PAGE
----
One question that I often ponder is: why aren’t girls into sport? (…in general, when they hit teenage years). Perhaps I’m so curious because I so very definitely stick out from this stereotype. To me as a sports-crazed wanna-be-athlete, I just don’t get it.
Why aren’t girls into sport?
I think many will agree that with most sports, the men’s games are far more popular and well-known. Football in particular is one heavily dominated by men. I can’t kick a ball with any mild accuracy, but attach a tennis racket to my wrist and I’m in my element. Tennis is my sport. But I struggle to get on court with a group of similar aged female players and have a serious game. It’s not simple; I have to compete in the adult squad and train with the boys in order to reach a decent level of play. That being said, not complaining as I’ve actually improved miles more this way and prefer the boys’ attitudes towards sport, even if they’re a little overly competitive at times (yes, racket tantrums are a regular occurrence).
The media, as ever, has cottoned-on to this issue; propaganda such as ‘THIS GIRL CAN’ and ‘LIKE A GIRL’ now litter social media. If you’ve read my post on ‘THE POWER OF SOCIAL MEDIA’ you’ll be aware of the persuasive power influencers possess when it comes to issues like this. Whilst recognition is encouraging – without meaning to offend anyone – I’m not exactly eager to join a band-wagon of feisty feminist campaigners going a little over the top with their message. However, so long as empowering girls with the confidence and grit to get stuck into sport remains the main driving force, these campaigns are shining examples of how the media can be a profoundly effective platform for change.
Sticking with the tennis theme (are we in the depths of Wimbledon or are we not?!) I’m currently being put through my paces in training to coach younger players. The coach told us that in his experience, once many girls hit a certain age (usually around the ‘delicate’ teenage time) they lose interest in sport and quit. Saddening or what? I don’t quite know how I’d cope without sport, especially whilst tackling exam time at school (forget stress balls; seretonin is where it’s at). Unlike too many uninspired, uninterested girls I never turn down sporting opportunities thrust in my direction, particularly during predominantly static school days. You can believe me when I claim to spend the majority of my time in sports kit whilst at school and the PE changing rooms triple as a social area, homework space and cantine.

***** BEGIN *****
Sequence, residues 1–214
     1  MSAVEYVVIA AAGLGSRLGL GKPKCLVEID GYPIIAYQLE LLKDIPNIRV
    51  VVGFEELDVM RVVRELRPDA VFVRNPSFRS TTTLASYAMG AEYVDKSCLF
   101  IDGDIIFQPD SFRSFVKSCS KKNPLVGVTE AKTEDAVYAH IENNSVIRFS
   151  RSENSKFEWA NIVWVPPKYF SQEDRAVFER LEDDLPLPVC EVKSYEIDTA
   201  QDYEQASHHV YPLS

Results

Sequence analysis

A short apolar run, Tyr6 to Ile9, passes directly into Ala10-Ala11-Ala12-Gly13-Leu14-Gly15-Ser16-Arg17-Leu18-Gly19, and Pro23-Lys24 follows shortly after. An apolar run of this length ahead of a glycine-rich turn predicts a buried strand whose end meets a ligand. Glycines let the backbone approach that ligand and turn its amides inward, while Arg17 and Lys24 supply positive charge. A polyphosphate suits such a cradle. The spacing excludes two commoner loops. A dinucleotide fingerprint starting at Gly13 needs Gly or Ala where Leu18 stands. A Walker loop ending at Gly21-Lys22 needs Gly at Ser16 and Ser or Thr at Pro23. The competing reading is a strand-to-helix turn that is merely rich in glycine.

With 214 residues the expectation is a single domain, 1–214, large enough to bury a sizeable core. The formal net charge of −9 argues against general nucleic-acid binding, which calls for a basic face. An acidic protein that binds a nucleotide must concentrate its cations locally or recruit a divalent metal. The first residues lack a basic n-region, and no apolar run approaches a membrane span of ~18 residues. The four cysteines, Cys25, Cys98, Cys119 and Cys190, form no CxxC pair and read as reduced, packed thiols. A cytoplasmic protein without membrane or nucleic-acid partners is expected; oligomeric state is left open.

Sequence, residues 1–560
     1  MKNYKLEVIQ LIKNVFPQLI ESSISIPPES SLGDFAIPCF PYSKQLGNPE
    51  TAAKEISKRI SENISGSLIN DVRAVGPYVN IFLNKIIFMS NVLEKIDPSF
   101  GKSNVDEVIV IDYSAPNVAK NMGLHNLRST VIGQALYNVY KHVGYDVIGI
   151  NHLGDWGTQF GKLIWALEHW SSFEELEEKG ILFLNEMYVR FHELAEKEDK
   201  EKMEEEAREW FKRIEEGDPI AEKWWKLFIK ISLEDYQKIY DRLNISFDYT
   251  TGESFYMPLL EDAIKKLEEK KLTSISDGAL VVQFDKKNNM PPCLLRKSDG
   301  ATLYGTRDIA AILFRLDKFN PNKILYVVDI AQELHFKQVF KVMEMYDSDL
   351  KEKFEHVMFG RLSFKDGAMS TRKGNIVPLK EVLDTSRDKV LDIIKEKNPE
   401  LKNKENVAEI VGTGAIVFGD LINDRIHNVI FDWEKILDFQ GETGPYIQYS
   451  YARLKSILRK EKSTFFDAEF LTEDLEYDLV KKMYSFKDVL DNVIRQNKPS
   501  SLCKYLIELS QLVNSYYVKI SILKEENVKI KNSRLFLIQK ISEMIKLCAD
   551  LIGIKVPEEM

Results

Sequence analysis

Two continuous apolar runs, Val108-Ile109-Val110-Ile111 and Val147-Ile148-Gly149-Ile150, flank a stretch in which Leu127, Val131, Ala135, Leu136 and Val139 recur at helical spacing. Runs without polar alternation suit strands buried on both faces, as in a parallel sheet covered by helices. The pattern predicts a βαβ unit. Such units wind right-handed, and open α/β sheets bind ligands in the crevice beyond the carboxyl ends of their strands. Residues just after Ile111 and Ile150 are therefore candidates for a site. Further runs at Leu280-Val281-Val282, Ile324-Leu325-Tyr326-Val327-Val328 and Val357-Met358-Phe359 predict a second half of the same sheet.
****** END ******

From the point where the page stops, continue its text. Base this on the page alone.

Rewind back to my 10 year-old self and I discovered (to my horror) that I too was once a non-sporty person. An entry in my diary after a primary school PE lesson read: “Had to run round a muddy field today. Why? I hate running!”…Oh how things have changed. What happened? How did I flip from one extreme to another? I gave it a go. I found I could actually do some elements of specific sports. I began to enjoy it, then accepted the idea that maybe I might just like sport after all. Hooked on endorphins, I embraced this new-found love which has brought me to my most recent notable accolade: being awarded Sportswoman of the Year at school. Who’d have thought?! The dedication of a handful of coaches, PE teachers and my parents’ willingness to spend long, airless hours in sports halls most weekends has undoubtedly been a defining feature. Their spurring on really does tip the scales in favour of a lifelong love of sport.
I guess the point I’m trying to make is that, as a girl who’s big into sport, I struggle to comprehend why so many aren’t and am frustrated at some people’s dismissive attitudes towards sport. Advice to anyone not yet addicted to endorphins? Make friends with the sporty ones, give your PE teacher a chance and whip up the support of the family taxi-driver (aka Mum and Dad) – declare your intentions and give it go. Sweat is a thing, deal with it. Accept that you’ll be out of breath and in pain (making it sound delightful aren’t I?!) BUT the pain is temporary, and that rush you earn from it really cannot be beaten. Hands down.